Cyclo-oxygenase-2 (COX-2) selective inhibitors have been associated with an increased risk of thrombotic cardiovascular events in placebo-controlled trials, but no clinical trial has been reported with the primary aim of assessing relative cardiovascular risk of these drugs compared with traditional non-steroidal anti-inflammatory drugs (NSAIDs). The MEDAL programme was designed to provide a precise estimate of thrombotic cardiovascular events with the COX-2 selective inhibitor etoricoxib versus the traditional NSAID diclofenac.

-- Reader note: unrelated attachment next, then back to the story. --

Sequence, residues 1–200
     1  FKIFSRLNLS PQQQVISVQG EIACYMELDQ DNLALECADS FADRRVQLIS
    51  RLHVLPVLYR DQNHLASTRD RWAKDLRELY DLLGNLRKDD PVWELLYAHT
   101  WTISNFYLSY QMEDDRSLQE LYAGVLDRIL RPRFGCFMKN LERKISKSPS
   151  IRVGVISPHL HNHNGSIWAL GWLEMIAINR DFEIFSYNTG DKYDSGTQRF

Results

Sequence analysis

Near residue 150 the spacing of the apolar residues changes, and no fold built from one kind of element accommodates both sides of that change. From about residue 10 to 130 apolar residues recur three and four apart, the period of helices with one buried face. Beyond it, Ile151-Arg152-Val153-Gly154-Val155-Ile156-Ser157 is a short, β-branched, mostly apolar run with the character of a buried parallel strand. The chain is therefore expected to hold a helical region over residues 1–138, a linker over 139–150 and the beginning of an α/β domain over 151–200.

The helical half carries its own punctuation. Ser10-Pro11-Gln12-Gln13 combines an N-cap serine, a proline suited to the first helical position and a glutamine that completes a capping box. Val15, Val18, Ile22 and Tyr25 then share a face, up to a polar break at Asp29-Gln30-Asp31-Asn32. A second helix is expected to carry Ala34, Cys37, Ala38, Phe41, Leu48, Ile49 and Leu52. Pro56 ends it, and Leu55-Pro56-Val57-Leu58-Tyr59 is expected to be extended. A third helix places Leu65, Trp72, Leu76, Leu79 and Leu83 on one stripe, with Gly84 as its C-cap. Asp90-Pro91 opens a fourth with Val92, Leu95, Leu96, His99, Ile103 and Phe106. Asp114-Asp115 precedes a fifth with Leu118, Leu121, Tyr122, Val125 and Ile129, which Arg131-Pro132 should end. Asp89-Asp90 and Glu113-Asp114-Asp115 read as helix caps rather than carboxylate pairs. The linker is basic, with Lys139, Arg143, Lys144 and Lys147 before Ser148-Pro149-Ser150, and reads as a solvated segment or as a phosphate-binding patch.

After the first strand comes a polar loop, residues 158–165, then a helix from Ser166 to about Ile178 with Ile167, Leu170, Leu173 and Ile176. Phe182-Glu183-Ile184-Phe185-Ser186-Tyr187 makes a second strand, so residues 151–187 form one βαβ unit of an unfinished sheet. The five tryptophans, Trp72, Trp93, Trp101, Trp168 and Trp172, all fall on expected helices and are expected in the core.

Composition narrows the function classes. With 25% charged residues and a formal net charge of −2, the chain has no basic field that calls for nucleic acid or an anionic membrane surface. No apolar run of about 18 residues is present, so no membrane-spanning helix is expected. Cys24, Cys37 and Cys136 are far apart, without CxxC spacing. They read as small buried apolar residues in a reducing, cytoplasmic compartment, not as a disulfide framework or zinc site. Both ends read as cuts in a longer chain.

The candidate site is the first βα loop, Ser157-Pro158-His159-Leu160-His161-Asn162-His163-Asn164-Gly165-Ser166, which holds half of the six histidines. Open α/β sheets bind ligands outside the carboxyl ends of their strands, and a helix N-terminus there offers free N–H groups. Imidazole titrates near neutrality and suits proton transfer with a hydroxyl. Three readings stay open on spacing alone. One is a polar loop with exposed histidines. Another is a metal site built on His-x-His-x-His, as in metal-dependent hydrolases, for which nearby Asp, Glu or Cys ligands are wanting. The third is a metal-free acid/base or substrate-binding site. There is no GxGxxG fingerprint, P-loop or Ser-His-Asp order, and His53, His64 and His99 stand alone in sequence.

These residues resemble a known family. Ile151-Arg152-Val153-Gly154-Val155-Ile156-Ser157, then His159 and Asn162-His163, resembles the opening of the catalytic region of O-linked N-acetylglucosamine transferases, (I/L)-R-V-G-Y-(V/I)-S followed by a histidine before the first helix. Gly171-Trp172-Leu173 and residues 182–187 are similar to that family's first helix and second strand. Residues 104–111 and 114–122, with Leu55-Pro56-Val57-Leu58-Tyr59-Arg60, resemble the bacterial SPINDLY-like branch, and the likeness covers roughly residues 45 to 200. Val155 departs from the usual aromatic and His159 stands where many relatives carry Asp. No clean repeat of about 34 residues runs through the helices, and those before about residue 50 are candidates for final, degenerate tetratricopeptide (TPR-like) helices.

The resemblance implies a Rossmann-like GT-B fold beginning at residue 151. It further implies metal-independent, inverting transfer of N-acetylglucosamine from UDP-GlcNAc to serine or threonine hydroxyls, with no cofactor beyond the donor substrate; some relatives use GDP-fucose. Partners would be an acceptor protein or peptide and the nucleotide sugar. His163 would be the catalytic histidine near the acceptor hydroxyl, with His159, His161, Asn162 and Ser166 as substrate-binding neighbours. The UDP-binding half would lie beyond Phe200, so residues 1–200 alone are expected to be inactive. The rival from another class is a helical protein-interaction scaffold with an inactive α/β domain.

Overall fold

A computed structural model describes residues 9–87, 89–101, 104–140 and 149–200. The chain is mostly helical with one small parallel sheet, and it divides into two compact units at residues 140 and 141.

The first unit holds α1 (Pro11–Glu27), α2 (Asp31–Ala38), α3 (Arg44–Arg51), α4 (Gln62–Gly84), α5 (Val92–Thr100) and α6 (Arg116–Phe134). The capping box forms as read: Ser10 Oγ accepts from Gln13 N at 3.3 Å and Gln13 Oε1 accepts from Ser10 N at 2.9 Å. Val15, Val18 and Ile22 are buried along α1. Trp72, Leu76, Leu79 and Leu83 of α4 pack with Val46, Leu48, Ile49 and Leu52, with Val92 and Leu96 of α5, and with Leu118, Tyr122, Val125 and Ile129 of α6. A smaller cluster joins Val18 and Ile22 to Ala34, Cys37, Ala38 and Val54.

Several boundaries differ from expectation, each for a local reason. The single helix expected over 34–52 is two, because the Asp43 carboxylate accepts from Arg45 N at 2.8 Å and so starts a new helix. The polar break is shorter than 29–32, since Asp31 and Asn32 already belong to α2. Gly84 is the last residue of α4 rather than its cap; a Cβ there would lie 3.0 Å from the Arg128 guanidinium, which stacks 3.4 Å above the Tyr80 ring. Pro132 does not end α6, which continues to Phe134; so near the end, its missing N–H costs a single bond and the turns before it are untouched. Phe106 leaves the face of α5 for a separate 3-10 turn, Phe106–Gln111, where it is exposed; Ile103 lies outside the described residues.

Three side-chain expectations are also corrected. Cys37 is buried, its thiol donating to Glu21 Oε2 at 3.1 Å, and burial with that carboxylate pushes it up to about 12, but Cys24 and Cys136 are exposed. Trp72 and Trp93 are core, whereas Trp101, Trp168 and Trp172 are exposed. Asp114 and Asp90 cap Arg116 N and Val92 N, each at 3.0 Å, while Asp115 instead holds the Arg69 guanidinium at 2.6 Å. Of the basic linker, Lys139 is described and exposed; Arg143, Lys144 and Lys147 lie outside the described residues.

Researchers designed a prespecified pooled analysis of data from three trials in which patients with osteoarthritis or rheumatoid arthritis were randomly assigned to etoricoxib (60 mg or 90 mg daily) or diclofenac (150 mg daily). The primary hypothesis stated that etoricoxib is not inferior to diclofenac, defined as an upper boundary of less than 1.30 for the 95% CI of the hazard ratio for thrombotic cardiovascular events in the per-protocol analysis. Intention-to-treat analyses were also done to assess consistency of results. These trials are registered at http://www.clinicaltrials.gov with the numbers NCT00092703, NCT00092742, and NCT00250445. Researchers enrolled 34 701 patients (24 913 with osteoarthritis and 9 787 with rheumatoid arthritis). Average treatment duration was 18 months (SD 11.8). 320 patients in the etoricoxib group and 323 in the diclofenac group had thrombotic cardiovascular events, yielding event rates of 1.24 and 1.30 per 100 patient-years and a hazard ratio of 0.95 (95% CI 0.81-1.11) for etoricoxib compared with diclofenac. Rates of upper gastrointestinal clinical events (perforation, bleeding, obstruction, ulcer) were lower with etoricoxib than with diclofenac (0.67 vs 0.97 per 100 patient-years; hazard ratio 0.69 [0.57-0.83]), but the rates of complicated upper gastrointestinal events were similar for etoricoxib (0.30) and diclofenac (0.32). Researchers concluded that rates of thrombotic cardiovascular events in patients with arthritis on etoricoxib are similar to those in patients on diclofenac with long-term use of these drugs.(Source: PMID: 17113426 [PubMed – in process]: Lancet. 2006 Nov 18;368(9549):1771-81.)